Manchester: Father who threw baby son into river had begged to be sectioned three times

Zak Bennett-Eko, 23, was sentenced to a hospital order last year after being found guilty of the manslaughter by diminished responsibility of his son Zakari.

Zak Bennett-Eko, 23, had been ‘lost’ in the care system in the months before he killed son Zakari. (Picture: MEN Media)

A father who threw his baby son into a river had begged to be sectioned in the days before the tragedy unfolded, a serious case review has found.

Zak Bennett-Eko, 23, believed son Zakari was ‘turning into the devil’ when he dumped him off a bridge into the River Irwell in Radcliffe in Bury, Greater Manchester, on the afternoon of September 11 2019.

He was sentenced to a hospital order last year after being found guilty of the 11-month-old baby’s manslaughter by diminished responsibility.

At the time of his sentencing, judge Mr Justice Fraser said the Bennett-Eko had ‘slipped through the net’ of mental health services in the period leading up to the incident.

A review published by Bury Integrated Safeguarding Partnership found Bennett-Eko had been known to the care system but had been ‘lost’ and his needs had been ‘neglected’ when he was moved along with the toddler’s mother, Emma Flood, from Manchester to Bury.

The relocation in 2018 meant the couple were socially isolated and increasingly vulnerable.

Concerns were highlighted that the first-time parents were ‘living within a context of low income, lack of appropriate housing and away from their social and family support networks.’

Due to his worsening condition, Bennett-Eko went to the A&E department at North Manchester General Hospital on September 8 – just days before the tragedy.

A father asked to be sectioned three times before killing his 'happy' 11-month-old baby during a psychotic episode, a major review has found. Zakari William Bennett-Eko was 11 months old when his dad threw him into the River Irwell in Radcliffe, Greater Manchester, on 11 September 2019. Caption: Zak Bennett-Eko, 23, who has been given an indefinite hospital order after he was found guilty of manslaughter by diminished responsibility

Bennett-Eko was not taking his medication at the time (Picture: MEN Media)

He told staff he had not been taking prescribed schizophrenia medication and asked to be sectioned.

It’s known that he had attended the same hospital at least twice before in the previous month but delays meant he was not given treatment in time.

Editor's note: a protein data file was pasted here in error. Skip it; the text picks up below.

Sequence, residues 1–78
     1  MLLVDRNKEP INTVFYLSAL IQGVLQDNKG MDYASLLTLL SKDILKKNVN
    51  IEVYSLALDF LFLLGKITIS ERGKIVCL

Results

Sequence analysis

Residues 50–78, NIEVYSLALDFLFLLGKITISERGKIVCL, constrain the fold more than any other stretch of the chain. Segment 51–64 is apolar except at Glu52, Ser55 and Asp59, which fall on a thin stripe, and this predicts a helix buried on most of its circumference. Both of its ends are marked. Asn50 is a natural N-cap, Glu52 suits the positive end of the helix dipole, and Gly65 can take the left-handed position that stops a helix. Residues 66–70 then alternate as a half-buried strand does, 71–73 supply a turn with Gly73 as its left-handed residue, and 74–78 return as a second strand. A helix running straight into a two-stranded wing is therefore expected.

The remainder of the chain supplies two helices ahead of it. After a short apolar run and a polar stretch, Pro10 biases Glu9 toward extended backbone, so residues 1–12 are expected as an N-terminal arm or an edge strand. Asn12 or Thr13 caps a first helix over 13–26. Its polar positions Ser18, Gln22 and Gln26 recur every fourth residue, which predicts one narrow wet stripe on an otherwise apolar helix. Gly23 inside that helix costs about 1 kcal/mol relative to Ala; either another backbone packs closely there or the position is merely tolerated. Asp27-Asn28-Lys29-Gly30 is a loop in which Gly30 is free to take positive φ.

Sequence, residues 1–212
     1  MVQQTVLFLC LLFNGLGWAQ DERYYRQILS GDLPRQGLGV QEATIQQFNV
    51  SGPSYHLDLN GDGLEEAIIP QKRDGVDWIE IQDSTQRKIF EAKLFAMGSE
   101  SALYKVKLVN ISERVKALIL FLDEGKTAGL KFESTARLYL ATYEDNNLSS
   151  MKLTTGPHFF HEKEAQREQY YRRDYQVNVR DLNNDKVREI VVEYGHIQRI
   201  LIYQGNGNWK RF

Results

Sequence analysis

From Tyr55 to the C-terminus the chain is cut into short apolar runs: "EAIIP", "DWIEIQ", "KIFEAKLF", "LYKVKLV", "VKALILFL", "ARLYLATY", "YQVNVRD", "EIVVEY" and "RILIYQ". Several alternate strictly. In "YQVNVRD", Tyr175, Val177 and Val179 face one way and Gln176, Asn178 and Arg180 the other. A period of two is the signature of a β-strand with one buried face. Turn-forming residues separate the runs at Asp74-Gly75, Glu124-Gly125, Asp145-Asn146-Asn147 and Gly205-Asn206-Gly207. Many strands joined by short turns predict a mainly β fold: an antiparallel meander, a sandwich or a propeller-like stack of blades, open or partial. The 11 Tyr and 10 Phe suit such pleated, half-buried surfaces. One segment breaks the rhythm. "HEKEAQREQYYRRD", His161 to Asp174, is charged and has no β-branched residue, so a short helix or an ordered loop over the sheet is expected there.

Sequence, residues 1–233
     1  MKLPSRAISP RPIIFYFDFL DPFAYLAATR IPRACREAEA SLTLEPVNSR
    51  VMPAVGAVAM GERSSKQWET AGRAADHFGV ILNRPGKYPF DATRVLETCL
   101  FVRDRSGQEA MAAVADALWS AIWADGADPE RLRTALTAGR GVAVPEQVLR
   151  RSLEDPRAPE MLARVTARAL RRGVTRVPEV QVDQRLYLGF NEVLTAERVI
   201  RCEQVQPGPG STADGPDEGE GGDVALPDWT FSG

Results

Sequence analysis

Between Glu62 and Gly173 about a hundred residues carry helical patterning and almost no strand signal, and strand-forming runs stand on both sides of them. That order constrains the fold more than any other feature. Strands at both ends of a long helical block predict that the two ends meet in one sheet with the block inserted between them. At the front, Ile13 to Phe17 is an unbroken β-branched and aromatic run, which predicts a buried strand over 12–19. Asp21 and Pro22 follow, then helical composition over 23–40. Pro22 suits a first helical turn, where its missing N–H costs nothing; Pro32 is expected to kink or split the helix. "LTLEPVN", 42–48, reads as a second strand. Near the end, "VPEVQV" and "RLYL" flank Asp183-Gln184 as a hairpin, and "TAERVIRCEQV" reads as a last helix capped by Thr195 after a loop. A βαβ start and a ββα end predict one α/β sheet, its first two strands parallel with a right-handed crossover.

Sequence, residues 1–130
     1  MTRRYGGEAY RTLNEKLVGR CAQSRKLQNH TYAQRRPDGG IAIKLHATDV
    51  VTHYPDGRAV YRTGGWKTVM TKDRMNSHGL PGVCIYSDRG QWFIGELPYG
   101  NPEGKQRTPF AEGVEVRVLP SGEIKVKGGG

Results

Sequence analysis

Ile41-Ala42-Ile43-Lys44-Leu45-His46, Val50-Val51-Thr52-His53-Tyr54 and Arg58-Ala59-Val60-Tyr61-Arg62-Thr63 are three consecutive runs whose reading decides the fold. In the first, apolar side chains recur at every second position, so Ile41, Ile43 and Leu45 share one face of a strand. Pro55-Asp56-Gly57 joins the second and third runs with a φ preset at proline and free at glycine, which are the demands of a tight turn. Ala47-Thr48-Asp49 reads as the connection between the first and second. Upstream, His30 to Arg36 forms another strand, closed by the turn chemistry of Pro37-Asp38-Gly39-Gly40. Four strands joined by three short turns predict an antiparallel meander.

Three days after his last trip to A&E, Bennett-Eko took baby Zakari out for a walk in his pushchair in Radcliffe, while Ms Flood remained at their flat.

Eyewitnesses saw him pick his son out of the pram then swing the boy backwards and forwards before throwing him over a fence and into the river.

Zakari was just 11 months old when he died (Picture: MEN Media)

Bennett-Eko went to the nearby Lock Keeper pub and sat at a table while emergency services scrambled to the scene in an attempt to save his baby’s life.

He was later arrested at the pub and charged with murder but this was then downgraded due to his paranoid schizophrenia and severe state of psychosis.

The review found Bennett-Eko had been discharged from a learning disability service in Manchester due to a lack of attendance.

It said: ‘The result was that (he) became “lost” and his needs neglected by the care system in Manchester, including the key element of a responsible clinician to oversee his medication.’

Zakari died due to failings with the system, the review found (Picture: MEN Media)

A ‘flawed’ assessment was carried out by Bury Children’s Social Care in May 2019 which did not take into account the risks of Bennett-Eko not taking his medication and reverting to cannabis use.

The serious case review, led by Paul Sharkey, listed 13 failings which combined to produce a ‘pathway to harm’ for Zakari.

Tony Decrop, assistant director of social care and safeguarding at Bury Council, said there had been a failure to ‘appreciate fully’ the risk Bennett-Eko posed to his young son.

He added: ‘All the agencies involved are truly sorry for what happened and are determined to do all they can to prevent, so far as humanly possible, something like this happening again.

‘We have already learned from the review of this case and action has been taken as a result’

Bernadette Enright, executive director of adult social services for Manchester City Council, said: ‘This was a complex case with multiple factors and a distressing and extreme conclusion. It’s important for all agencies involved in this case to reflect on the run-up to these tragic events and use learnings to strengthen practice.’

Julian Hendy, of the Hundred Families charity, said: ‘Zakari’s father had a concerning history of serious mental illness and violence which was known to services, but he was not followed up and monitored as he should have been.

‘He too was vulnerable, yet despite asking for help on numerous occasions he didn’t receive the care and treatment he so desperately needed. Had he done so young Zak might still be with us today.’

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